When it comes to Amazon’s AWS, the amount of service each with their own terminology can be mind-boggling and AWS’ relatively new EC2 Container Services (ECS) is no exception.
In a series of blog posts, I am going to introduce the very basics of ECS starting from the terminology and gradually move to more advanced topics such as deploying a production ready cluster with autoscaling.
I assume you are already familiar with concepts around EC2 and have some experience working with Docker.
In this post I mainly focus on explaining the ECS terminology in very simple terms.
Amazon EC2 Container Service (Amazon ECS) is a highly scalable, fast, container management service that makes it easy to run, stop, and manage Docker containers on a cluster of Amazon Elastic Compute Cloud (Amazon EC2) instances.
The key components involved in ECS are:
- Container Instance
- Task Definition
These may sound a bit abstract, but you will understand them better when we put them in context and define them one by one.
1. Container Instance
A Container Instance is just a fancy word for an EC2 instance. Each Container Instance is host to one or more Docker Containers.
Simply put, a cluster a logical grouping of a few Container Instances. Well, a logical group of EC2 instances to make it even simpler.
However, each Container Instances in a cluster runs Amazon ECS container agent which allows instances to connect to a cluster.
3. Task Definition
As mentioned, each Container Instance hosts one or more Docker containers. In order for these Docker containers to run on the Container Instance you need to provide a little configuration [file] to define how should this container run, how much resources does it need, which Docker image to use and etc.
Simply put, this is “almost” like a Dockerfile(with a different syntax) with some additional AWS specific configuration fields. Below is a shortened example of an empty task definition:
"value": "-Xms64m -Xmx256m"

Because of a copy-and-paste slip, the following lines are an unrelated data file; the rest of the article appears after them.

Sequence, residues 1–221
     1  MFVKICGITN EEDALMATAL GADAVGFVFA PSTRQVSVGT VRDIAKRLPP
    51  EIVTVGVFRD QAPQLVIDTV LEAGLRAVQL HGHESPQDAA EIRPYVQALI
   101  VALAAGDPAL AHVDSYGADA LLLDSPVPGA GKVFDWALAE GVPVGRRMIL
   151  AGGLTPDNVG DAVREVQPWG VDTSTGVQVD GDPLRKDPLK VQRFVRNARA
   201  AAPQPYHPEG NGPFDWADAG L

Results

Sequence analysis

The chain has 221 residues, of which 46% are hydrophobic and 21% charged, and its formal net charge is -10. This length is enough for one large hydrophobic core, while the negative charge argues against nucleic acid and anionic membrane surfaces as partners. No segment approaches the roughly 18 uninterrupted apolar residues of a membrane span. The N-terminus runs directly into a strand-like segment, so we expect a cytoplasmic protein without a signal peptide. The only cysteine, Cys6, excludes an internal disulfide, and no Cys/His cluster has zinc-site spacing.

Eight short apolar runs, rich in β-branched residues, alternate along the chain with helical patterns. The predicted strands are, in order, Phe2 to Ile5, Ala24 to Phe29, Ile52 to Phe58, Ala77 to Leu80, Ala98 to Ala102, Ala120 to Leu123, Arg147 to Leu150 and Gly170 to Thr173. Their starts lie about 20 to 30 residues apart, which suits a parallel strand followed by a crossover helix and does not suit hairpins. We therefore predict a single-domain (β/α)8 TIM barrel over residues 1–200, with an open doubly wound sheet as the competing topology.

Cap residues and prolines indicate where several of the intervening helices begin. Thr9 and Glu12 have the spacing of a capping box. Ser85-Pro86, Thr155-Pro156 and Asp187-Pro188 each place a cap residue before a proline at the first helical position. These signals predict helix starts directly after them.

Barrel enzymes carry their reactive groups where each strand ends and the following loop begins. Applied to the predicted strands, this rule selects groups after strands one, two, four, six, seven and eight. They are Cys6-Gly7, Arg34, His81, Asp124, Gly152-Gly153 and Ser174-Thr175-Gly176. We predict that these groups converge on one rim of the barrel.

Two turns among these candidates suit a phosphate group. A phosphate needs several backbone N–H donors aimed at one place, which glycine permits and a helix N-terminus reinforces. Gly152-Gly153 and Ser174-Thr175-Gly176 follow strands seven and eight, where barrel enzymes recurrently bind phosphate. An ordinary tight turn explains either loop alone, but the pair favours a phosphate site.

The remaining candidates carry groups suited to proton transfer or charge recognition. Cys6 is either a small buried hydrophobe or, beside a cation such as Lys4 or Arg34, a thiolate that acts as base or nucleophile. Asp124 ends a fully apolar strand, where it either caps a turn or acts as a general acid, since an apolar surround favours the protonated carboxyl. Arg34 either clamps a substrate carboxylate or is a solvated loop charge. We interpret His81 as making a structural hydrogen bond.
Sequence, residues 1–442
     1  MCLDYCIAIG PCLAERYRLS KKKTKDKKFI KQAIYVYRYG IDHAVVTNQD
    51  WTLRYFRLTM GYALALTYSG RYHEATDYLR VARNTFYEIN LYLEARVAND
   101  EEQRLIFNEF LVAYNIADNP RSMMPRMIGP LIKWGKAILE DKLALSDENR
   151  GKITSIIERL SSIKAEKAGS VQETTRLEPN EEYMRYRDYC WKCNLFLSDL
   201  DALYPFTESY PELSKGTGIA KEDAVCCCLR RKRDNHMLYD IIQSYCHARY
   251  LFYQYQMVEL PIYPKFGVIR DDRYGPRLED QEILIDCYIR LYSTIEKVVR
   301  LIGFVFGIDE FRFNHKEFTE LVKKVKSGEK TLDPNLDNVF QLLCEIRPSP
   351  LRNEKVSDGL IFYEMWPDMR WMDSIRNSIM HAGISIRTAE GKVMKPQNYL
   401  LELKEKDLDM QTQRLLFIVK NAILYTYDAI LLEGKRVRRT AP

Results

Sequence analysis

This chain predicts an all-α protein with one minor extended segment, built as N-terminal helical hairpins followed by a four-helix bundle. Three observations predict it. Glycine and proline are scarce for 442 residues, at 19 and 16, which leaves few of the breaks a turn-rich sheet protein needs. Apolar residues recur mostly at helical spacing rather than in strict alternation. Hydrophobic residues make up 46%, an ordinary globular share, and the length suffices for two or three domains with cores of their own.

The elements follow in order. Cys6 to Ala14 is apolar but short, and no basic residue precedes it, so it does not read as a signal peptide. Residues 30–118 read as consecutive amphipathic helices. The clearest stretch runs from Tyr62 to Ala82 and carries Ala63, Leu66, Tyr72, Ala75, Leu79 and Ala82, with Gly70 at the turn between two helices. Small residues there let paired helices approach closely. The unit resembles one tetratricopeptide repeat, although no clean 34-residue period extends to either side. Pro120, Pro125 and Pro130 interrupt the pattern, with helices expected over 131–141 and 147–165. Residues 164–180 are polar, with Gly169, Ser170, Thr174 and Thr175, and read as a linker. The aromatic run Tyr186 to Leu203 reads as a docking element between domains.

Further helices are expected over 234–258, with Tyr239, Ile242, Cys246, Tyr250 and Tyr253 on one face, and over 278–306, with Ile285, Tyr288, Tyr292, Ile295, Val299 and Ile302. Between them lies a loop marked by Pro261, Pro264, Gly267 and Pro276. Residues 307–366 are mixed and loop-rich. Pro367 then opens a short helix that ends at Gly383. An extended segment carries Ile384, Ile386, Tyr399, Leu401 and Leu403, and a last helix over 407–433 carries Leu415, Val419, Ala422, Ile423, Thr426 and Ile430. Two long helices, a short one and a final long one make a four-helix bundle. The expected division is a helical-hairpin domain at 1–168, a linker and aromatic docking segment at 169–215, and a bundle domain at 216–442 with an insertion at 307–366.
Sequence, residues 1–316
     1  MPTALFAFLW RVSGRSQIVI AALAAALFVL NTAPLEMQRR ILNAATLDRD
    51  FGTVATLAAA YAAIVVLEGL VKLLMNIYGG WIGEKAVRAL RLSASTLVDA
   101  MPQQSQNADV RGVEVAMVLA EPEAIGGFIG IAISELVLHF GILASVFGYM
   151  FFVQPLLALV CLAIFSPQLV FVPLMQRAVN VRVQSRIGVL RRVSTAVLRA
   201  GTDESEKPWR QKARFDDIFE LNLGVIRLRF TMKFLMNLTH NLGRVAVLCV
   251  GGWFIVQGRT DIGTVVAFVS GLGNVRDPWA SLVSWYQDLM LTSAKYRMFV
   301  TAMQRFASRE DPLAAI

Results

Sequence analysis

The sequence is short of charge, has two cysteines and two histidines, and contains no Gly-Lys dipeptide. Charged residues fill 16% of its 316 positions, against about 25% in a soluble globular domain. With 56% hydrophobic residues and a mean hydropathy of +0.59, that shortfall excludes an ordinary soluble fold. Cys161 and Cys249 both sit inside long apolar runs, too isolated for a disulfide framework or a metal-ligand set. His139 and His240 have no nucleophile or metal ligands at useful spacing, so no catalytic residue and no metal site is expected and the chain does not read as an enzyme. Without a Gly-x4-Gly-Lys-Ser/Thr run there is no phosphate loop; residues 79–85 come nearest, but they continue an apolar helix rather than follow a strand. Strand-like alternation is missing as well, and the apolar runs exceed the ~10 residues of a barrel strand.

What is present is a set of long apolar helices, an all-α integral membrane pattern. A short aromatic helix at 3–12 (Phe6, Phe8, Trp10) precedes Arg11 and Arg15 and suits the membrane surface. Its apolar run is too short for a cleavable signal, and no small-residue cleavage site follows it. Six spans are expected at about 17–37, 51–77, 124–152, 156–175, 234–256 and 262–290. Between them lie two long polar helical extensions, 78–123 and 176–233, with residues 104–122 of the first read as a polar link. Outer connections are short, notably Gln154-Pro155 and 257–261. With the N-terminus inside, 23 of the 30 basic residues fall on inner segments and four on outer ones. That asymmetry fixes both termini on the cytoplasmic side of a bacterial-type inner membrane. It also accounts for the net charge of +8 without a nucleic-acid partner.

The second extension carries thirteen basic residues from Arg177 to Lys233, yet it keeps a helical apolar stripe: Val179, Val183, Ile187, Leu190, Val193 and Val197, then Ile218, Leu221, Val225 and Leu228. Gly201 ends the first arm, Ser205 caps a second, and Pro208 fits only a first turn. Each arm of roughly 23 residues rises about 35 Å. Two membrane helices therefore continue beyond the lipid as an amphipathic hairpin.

For more information on the configuration parameters, have a look at ECS Task Definition Parameters.
Here is the place when things might get confusing. When a Docker container is run based on what has been defined in a Task Definition, AWS calls that running container, a Task. Although not entirely correct, the image below should give you a rough idea:
So far we know how containers are defined and where they are being hosted. But who manages the containers lifecycle? Who manages the desired number of Tasks per Task Definition? AWS ECS provides you with something called a Service.
When you create a service, you always assign a Task Definition and based on that, the Service will always make sure that there is a defined number of Tasks running.
In addition to maintaining the desired count of Tasks in your service, you can optionally run your Service behind a load balancer. The load balancer distributes traffic across the Tasks that are associated with the Service.
If you are familiar with Docker Hub, AWS has its own version of image repository.
Hopefully, you now have a better understanding of ECS concepts. If you are curious and would like to give it a try you can run a guided tutorial provided by AWS: ECS First Run (remember that it costs will be incurred on your credit card)
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